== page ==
The heart of Amsterdam is ‘the Dam’. In the 13th century, the dam was built here in the river Amstel. The name of the city was born. The first ‘Amsterdammers’ were fishermen and merchants who got freedom of toll from Count Floris the 5th. It flourished as a trading center. Amsterdam’s coat of arms dates from this era as well. A figure bears the 3 ‘St. Andrew’s crosses’. Some say these 3 crosses represent the 3 enemies of the city: water, fire and the plaque.

The city developed quite rapidly and around 1613 the digging of the three main canals started. After the conquest of Antwerp by the Spanish in 1685, Amsterdam became the biggest and one of the richest cities of the world. During that time, it also became leading center for finance and diamonds. A position that would be held until around 1700. After the 80-year war with Spain, many people were drawn to Amsterdam and it became known for its relative religious tolerance. Jews from Spain and Portugal, Huguenots from France and economic and religious refugees found their safety in Amsterdam. Also the number of artists grew enormously.

The 17th century is considered to be the Golden Age of Amsterdam. The merchants of Amsterdam had the largest share in both the Dutch East India Company and the Dutch West India Company. Therefore Amsterdam got wealthy for nearly 200 years, by establishing trading links all over the world. The reflection of this prosperity can be seen in the construction of monumental, architectural masterpieces.

After the French invasion, Napoleon Bonaparte founded the Kingdom of Holland in 1806 and his brother became King of Holland in 1810. The nation’s population rebelled. During the congress in Vienna, in 1813, it was decided that the Netherlands were to become a monarchy. After the recession, Amsterdam recovered during the Industrial Revolution and expanded. The North sea canal was dug and connects the port of Amsterdam with the Northsea. This canal was a positive development for the Dutch economy.

During the 19th century new public buildings were erected. The Rijksmuseum opened in 1885 and Centraal Station was built in 1889. The Stedelijk Museum opened in 1895. Rembrandt House Museum opened in 1911.

The Netherlands stayed neutral during the First World War but there were food shortages. As a result, there were riots in Amsterdam in 1917. After the war, new housing developments were built in Amsterdam to replace slums. In 1928 the Olympics were held in Amsterdam. Then in the 1930s work began on creating a park called the Amsterdamse Bos.

10th of May,1940, Germany invaded the Netherlands during Second World War. Many lives were taken due to starvation and as a result of the deportation of the Jews to Nazi concentration camps. The house of Anne Frank where she and her family were hiding, is one the most popular attractions nowadays. Amsterdam lost 10 percent of its inhabitants. After the war, Amsterdam flourished again. Then in the 1960s Amsterdam was a haven for hippies. In the late 20th century and early 21st century, new museums opened in Amsterdam. The Van Gogh Museum opened in 1973. The Joods Historisch Museum opened in 1987. Foam Photography Museum opened in 2001 and Diamond Museum opened in 2007. Hermitage Amsterdam opened in 2009. Today Amsterdam has a population of 820,000.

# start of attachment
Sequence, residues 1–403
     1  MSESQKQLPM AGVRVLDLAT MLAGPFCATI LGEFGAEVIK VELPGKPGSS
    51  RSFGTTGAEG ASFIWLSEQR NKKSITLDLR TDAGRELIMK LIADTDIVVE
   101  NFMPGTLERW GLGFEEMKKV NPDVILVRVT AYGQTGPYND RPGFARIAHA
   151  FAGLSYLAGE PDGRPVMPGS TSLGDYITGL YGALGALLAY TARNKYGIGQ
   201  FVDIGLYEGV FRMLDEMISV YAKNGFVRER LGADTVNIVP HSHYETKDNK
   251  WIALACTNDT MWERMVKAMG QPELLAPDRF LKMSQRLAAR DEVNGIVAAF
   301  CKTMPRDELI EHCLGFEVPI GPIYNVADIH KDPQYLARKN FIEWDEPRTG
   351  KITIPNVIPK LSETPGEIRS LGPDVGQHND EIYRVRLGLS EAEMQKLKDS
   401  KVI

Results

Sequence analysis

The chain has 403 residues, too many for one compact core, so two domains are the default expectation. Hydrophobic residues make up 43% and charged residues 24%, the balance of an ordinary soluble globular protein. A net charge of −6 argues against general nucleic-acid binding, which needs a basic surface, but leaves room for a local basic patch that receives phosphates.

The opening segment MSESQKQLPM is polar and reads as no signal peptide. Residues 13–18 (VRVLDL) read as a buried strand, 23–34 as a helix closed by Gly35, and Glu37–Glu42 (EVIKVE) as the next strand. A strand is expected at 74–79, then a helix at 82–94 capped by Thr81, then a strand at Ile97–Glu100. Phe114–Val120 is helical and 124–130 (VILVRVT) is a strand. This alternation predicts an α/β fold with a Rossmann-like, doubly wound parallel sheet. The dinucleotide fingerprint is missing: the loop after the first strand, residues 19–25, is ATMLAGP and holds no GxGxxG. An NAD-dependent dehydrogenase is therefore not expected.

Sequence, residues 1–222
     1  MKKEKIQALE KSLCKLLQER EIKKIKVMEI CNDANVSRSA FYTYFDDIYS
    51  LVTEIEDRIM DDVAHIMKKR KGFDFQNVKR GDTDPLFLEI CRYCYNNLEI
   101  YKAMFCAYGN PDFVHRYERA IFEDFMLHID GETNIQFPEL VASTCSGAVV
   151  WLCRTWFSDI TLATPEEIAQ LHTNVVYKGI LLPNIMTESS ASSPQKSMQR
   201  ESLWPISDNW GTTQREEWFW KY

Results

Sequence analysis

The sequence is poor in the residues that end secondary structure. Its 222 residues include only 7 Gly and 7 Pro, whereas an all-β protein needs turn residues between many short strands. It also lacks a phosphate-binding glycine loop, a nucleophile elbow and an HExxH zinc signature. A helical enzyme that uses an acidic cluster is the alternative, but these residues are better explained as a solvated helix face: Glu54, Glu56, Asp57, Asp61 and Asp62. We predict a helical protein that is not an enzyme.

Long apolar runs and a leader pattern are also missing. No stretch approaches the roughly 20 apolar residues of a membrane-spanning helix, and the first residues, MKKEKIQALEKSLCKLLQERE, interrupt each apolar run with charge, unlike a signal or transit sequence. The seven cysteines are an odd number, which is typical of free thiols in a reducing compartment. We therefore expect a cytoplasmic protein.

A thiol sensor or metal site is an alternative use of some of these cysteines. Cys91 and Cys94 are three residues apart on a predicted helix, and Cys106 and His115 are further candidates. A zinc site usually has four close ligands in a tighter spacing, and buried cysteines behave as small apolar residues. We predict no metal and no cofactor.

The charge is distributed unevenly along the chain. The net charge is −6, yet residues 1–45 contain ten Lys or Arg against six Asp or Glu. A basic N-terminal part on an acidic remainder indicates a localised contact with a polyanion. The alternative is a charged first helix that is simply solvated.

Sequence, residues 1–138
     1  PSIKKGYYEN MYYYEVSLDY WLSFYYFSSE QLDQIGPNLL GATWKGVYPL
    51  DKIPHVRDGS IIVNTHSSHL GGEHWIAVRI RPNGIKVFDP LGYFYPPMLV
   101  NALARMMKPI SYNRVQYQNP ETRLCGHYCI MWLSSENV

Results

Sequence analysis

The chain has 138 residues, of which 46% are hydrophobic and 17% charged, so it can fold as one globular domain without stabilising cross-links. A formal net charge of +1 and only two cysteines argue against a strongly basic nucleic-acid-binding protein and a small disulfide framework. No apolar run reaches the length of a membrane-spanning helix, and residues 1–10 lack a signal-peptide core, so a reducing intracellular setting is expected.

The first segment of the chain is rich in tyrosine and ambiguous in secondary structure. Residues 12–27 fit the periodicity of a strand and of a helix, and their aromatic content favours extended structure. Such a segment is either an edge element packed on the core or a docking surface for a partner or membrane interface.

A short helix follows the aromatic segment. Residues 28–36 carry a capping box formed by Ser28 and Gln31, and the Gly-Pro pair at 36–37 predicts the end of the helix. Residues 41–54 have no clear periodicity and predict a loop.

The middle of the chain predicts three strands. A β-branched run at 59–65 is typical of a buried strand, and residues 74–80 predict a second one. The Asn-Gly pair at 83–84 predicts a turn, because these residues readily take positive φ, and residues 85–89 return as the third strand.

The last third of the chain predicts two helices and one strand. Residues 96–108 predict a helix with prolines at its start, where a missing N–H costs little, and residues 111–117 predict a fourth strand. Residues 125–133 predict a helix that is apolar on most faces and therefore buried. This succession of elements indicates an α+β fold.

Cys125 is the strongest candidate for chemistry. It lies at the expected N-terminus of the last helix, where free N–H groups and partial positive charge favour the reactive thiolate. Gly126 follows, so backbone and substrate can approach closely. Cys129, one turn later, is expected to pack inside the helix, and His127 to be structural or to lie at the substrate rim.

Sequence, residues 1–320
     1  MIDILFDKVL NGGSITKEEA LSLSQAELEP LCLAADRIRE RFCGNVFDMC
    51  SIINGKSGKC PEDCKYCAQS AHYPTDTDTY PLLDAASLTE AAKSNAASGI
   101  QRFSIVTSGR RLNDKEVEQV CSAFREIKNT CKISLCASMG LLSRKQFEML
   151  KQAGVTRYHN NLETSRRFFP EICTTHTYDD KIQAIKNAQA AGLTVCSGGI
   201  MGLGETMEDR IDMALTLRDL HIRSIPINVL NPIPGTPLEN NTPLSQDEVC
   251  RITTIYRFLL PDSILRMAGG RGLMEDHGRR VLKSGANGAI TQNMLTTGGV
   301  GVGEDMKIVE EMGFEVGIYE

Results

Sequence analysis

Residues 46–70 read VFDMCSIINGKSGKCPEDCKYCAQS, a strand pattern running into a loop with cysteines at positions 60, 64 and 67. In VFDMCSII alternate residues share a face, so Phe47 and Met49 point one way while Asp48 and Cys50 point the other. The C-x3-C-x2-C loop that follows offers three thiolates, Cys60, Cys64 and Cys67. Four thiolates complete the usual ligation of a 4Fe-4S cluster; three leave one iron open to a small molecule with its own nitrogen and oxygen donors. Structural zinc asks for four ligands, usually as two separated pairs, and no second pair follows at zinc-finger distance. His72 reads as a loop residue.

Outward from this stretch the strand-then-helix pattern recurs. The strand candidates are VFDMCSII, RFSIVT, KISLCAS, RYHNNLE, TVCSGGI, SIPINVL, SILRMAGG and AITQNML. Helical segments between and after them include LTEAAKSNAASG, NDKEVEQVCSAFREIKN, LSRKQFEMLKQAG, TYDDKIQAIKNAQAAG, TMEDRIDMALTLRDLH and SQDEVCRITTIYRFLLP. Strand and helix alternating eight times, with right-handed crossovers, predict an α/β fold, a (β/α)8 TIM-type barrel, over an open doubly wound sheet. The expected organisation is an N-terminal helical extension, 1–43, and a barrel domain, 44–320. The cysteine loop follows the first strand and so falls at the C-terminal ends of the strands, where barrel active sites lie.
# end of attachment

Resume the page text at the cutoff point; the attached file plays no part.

1. Van Gogh Museum

This modern museum houses some 200 paintings and 550 sketches showing Van Gogh in all his moods. This is the biggest collection in the world, of his paintings combined with hundreds of letters by Van Gogh, and selected works by his friends and contemporaries.

2. The Rijksmuseum

This is the largest and the most attractive museum in the Netherlands, with more than one million visitors each year. The museum has a wonderful collection of the 17th Century Dutch Golden Age masterpieces. Famous “The Night Watch” by Rembrandt as well as other celebrated paintings like Vermeer’s “The Milkmaid” and “Woman reading a letter”, “The Windmill at Wijk bij Duurstede" by van Ruisdael, “The Burgomaster of Delft and his Daughter” by Jan Steen and many more. These marvellous paintings reflect history and character of the Dutch. Unique sculptures and various antiquities as traditional furniture, Delftware, silver, ship models and doll houses complete the show.

3. Anne Frank House

Anne Frank House in the center of Amsterdam is the hiding place where Anne Frank wrote her famous diary during the World War II. Just a few empty rooms in the hidden annex to the house will make an unforgettable impression if you realize, that two families lived in these small quarters for more than 2 years hiding from the Nazis. The original of the diary is on display, as a part of the Anne Frank House's permanent exhibition.

4. Canal Cruise